Thursday, September 3, 2009

Private Snuffy Smith (Monogram Pictures,1942)

I love Snuffy comes from the fact that I grew up in a rural farmland region, and have been tagged with the label "hillbilly" in the past. Regardless of the fact that I'm a college graduate with three degrees, the first reaction I get from folks when they discover the area that I grew up in is that one of ,"'re from the sticks....." and immediately they seem to pass judgment on my educational background and intelligence. I soooo love the moment that tends to happen later when they realize they're fuckin' with someone who's probably smarter than them, and possesses a quick wit and a wise-acre smart mouth, to boot. I tend to cut people like that to ribbons verbally, showing no mercy or remorse for their feelings.

It's the little things that bring me joy....

Anyways...I love so-called cornball hillbilly humor. Not so much the current variety that has peaked in popularity (the whole Blue Collar Comedy Tour can kiss my ass with their collective unfunny lips), but the old school stuff.....Barney Google and Snuffy Smith, Li'l Abner (Al Capp was a genius), Lum n' Abner on the radio, The Beverly Hillbillies and The Dukes of Hazzard on the movin' picture box and such....I just find the stuff endearing. So sue me.

From Wikipedia:

Private Snuffy Smith is a 1942 American film directed by Edward F. Cline and starring Bud Duncan as Snuffy Smith.
Snuffy Smith has been for many years the predominant character in the syndicated newspaper comic strip Barney Google and Snuffy Smith, created by Billy DeBeck and later drawn by Fred Lasswell from 1942 until 2001 (when Laswell died). The strip is currently drawn by John Rose.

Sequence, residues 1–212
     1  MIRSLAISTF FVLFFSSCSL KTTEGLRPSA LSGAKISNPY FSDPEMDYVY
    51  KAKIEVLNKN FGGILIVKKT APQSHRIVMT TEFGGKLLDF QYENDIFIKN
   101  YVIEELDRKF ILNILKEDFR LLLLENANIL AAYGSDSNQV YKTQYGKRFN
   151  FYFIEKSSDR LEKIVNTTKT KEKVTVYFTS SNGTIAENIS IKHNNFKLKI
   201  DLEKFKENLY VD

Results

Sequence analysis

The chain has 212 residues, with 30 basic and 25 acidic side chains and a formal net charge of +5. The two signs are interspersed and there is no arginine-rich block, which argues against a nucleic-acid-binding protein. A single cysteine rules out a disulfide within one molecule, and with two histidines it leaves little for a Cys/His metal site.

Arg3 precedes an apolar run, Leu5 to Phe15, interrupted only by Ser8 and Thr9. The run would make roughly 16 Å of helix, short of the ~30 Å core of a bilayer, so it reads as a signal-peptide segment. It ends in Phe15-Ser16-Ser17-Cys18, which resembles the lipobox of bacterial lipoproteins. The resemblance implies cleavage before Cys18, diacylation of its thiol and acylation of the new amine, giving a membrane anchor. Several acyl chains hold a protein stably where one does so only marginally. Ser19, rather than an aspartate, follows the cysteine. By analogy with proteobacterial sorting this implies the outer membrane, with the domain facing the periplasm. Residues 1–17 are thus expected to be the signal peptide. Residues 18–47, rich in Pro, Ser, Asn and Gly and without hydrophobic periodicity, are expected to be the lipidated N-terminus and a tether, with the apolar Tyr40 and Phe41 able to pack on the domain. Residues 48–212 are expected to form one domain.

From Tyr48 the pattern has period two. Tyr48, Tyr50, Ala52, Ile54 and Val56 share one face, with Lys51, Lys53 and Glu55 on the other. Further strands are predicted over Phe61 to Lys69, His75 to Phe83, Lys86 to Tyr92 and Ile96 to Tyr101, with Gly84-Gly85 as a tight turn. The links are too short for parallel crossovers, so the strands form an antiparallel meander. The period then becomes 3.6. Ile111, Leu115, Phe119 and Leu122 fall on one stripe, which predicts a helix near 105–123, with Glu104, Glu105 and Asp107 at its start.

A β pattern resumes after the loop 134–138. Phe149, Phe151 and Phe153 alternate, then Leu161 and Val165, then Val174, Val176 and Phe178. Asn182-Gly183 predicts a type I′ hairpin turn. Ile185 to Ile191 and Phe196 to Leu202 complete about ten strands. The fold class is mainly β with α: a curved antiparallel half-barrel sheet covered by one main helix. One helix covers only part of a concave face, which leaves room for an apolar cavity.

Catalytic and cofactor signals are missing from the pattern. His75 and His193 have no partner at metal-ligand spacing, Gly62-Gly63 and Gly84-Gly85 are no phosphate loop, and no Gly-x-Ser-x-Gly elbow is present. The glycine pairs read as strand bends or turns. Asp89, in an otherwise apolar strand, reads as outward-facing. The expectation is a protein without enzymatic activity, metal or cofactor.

Snuffy is a stereotypical hillbilly. He lives in a shack, makes moonshine, is in constant trouble with the sheriff and is very shiftless, occasionally doing a small amount of farm work but primarily working his still and loafing. He also has some proclivity toward stealing chickens, which led to a brief but effective use of his character in a marketing campaign by the Tyson Foods corporation in the early 1980s.

He is very short, wears a broad-brimmed felt hat almost as tall as he is, has a scraggly mustache and wears a pair of tattered, poorly patched overalls. He constantly cheats at poker and checkers. His speech is ungrammatical in the extreme. In fact, almost all of the characters in the strip (except of course for the occasional visiting "flatlander") have been stereotypical hillbillies – sharp-tongued gossipy women such as his wife Loweezy (Louisa); his baby Tater; his nephew Jughaid (Jughead); his neighbors Elviney and Lukey (Lucas Ebenezer);[1] the sanctimonious (but nonetheless ungrammatical) Parson; Silas, the owner of the General Store; the ostentatiously badged Sheriff Tait and others. Vehicles were rundown jalopies of a seeming 1920s vintage, even in the 1970s and beyond.

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